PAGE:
It may have a reputation for conservatism, but the insurance industry is no stranger to innovation. If we look back through history, we see that insurance has driven innovation in crime prevention, firefighting, occupational health, road safety, healthcare, climate change, and many other areas of society. There’s also room for innovation in how the industry conducts its business and serves customers, particularly through the adoption of technology like data science, telematics and predictive analytics.

Executive Summary

There’s room for insurance industry innovation in a number of areas, such as how the industry conducts its business and serves customers. Enservio Chairman Jon McNeill outlines four ways to embed a culture of innovation in order to get there.

The fact that you’ve always done things a certain way is not a good argument for clinging to tradition. Human progress is based upon innovation. We improve on existing systems, or, in some cases, scrap them altogether in favor of more efficient replacements. It’s important to challenge tradition and find ways to empower and inspire.

Yet we also know, all too true, how innovation can be a tough sell. It’s risky and unknown. It challenges the status quo. If you want to create a culture where innovation can thrive, it’s necessary, not just to change minds, but to change mindsets.

Start with education

How do you get executives to think beyond current products and services? How do you encourage them to think in an innovative way when they’re focused on meeting quotas? You have to instill some insight, and the best way to do that is to ask them to try on your customer’s shoes. By putting them in the end user’s seat, they can see flaws and opportunities in your product far more quickly.

You also have to paint a realistic picture of what the long term benefits of your innovation will be. Disruptive innovation is often about adopting new technology or business models that will meet the needs of your customers in the future, not necessarily addressing what they’re asking for now. Innovation requires vision.

Speak the right language

No matter whether you’re talking to someone on the board, a mid-level exec, or an IT professional, it’s vital to present your ideas in a way that they’ll grasp. Presentations should be tailored to the audience, even if the underlying suggestion is the same. Innovation means different things to different people, but you have to secure buy-in from all stakeholders before you can really leverage the benefits of a new system or an innovative service.

There’s time to drill down into the details later. When you’re selling innovation you have to focus on the big picture. But there’s a line here between what’s practically achievable and having your head in the clouds; be careful not to come down on the wrong side of it. Back up your assertions with clear arguments and as much evidence as you can gather.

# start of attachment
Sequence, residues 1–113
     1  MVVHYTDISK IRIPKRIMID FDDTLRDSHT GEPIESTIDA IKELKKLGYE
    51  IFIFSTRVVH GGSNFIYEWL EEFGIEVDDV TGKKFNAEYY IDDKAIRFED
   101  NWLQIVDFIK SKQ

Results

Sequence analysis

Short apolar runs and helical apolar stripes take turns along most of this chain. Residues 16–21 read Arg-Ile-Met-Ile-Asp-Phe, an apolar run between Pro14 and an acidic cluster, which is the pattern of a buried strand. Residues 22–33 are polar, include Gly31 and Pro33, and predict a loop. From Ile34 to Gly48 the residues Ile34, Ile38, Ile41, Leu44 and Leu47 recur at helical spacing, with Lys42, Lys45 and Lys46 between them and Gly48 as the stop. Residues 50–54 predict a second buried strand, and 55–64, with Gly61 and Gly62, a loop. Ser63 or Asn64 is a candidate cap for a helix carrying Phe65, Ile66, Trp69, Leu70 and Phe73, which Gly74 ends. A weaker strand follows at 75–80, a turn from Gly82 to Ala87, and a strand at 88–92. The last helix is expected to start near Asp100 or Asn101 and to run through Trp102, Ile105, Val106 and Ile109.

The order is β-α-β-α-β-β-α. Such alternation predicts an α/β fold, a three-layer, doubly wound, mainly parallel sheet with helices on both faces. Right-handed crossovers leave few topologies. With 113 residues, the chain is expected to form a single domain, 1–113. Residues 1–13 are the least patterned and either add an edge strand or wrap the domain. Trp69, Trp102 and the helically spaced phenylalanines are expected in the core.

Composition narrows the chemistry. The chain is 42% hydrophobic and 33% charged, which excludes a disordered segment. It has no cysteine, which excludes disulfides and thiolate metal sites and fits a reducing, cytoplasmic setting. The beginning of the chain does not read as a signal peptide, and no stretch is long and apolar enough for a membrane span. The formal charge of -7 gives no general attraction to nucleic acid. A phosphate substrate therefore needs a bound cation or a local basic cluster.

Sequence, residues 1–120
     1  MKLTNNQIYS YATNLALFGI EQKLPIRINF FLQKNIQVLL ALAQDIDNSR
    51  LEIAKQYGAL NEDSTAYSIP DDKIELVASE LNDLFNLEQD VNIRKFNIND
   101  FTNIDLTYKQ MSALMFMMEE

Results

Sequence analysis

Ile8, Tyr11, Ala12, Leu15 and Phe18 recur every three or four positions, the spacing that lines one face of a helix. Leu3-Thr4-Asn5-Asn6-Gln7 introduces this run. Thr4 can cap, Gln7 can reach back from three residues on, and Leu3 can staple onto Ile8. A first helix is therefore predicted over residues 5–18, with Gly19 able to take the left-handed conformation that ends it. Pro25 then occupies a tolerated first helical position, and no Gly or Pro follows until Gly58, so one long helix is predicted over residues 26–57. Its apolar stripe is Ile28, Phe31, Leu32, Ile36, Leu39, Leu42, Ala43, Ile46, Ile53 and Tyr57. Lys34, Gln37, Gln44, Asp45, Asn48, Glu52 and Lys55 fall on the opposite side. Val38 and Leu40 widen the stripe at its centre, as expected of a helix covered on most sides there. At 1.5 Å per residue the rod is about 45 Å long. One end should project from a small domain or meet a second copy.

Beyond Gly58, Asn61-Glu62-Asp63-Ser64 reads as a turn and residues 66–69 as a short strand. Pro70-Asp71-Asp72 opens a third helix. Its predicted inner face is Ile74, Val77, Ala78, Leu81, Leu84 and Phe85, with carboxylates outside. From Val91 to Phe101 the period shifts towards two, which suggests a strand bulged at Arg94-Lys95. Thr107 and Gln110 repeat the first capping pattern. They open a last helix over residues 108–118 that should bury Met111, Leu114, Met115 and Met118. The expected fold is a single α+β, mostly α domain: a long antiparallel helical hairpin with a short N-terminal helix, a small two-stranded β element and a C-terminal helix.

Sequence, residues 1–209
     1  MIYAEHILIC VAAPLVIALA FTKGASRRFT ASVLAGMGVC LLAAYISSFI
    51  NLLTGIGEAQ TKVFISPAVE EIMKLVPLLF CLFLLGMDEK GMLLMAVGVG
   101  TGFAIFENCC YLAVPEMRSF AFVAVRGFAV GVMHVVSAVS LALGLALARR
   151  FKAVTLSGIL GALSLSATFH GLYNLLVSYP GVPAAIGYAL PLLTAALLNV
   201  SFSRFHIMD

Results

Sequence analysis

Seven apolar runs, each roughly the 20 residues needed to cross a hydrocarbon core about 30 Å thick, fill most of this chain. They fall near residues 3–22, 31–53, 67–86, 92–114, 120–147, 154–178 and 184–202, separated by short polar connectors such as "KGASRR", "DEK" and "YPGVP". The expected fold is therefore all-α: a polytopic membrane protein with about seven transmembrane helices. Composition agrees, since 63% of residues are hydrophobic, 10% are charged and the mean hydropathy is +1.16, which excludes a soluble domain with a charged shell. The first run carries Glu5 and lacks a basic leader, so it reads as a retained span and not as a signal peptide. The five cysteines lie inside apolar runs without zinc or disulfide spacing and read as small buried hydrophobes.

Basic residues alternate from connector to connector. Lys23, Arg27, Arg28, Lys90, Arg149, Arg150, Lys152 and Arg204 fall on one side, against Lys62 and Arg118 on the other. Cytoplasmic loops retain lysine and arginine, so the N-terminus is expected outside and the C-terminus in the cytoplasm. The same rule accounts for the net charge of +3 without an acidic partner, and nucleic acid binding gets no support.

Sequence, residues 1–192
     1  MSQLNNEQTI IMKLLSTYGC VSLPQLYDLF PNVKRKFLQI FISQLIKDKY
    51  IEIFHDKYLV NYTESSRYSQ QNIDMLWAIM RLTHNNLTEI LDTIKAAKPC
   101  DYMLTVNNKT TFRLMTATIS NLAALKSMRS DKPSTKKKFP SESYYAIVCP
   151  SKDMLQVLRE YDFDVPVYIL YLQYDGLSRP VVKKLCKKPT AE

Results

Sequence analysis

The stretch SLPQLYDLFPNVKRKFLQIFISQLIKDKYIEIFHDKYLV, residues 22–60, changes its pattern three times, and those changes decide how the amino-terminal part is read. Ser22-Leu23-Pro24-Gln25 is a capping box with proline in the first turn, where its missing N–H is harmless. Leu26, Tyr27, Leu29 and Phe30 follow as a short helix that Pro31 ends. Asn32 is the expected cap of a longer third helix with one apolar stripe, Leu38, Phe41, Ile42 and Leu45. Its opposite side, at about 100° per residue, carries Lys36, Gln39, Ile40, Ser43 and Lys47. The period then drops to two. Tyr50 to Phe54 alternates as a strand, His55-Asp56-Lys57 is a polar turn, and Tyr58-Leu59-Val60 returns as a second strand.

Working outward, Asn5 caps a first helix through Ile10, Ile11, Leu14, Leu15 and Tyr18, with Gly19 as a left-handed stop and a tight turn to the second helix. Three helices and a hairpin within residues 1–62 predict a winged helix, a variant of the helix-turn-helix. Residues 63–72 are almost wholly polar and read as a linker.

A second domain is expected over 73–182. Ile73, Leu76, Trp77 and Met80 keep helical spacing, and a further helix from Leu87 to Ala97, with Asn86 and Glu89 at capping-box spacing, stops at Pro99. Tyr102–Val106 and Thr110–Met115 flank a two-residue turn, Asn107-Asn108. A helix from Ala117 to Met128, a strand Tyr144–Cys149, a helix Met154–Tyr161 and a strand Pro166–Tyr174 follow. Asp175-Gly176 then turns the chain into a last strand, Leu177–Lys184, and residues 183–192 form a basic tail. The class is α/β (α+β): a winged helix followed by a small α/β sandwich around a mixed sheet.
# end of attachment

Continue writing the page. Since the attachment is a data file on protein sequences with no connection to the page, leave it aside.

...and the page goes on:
Choose your targets

There’s an element of risk with every change or new twist on an established process. Businesses or divisions will be far less receptive to innovation if they are just struggling to survive. Strong performance may indicate a target most receptive to try new things. Strong performers and divisions may be ripe for change, and more likely to grasp at an innovative opportunity to expand, despite being in less need of it. If you’re pushing a new product or service, maybe you pilot it with executives or departments that have already shown a flair for innovation.

Your proving ground will serve as evidence for the rest of the company. Put the right metrics in place and you’ll have the analysis you need to show that it works. This will lend the innovative approach some credibility and legitimacy in the eyes of even the most resistant conservative, making it much easier to roll out company-wide. This evidence should always be backed with projections and models that make the business case for further innovation.

Don’t box it in

Too often innovation becomes synonymous with new product or service, but if you really want to instill a culture of innovation you should encourage employees to think beyond limited definitions. Packaging existing products in new ways, exploring co-branding partnerships, or reimagining services to apply to a specific demographic, can be every bit as beneficial to a business as rolling out a successful new product.

You also need your team to think ahead and identify the disruptive opportunities and threats on the horizon, instead of merely focusing on some short-term gain. Good ideas can arrive from anywhere. Listen to customers and employees at every level, and make sure that innovative ideas are recognized and rewarded. That’s the beauty behind a so-called ‘flat’ organization: every employee is treated as a highly valued asset

If you want to create a lasting culture of innovation and break free of doing business as usual, these steps may help you get there. Educate and empower the right people, explain the business benefits to stakeholders in language they’ll understand, nourish an innovative mindset, prove new ideas with a pilot scheme, and encourage vision through long-term thinking.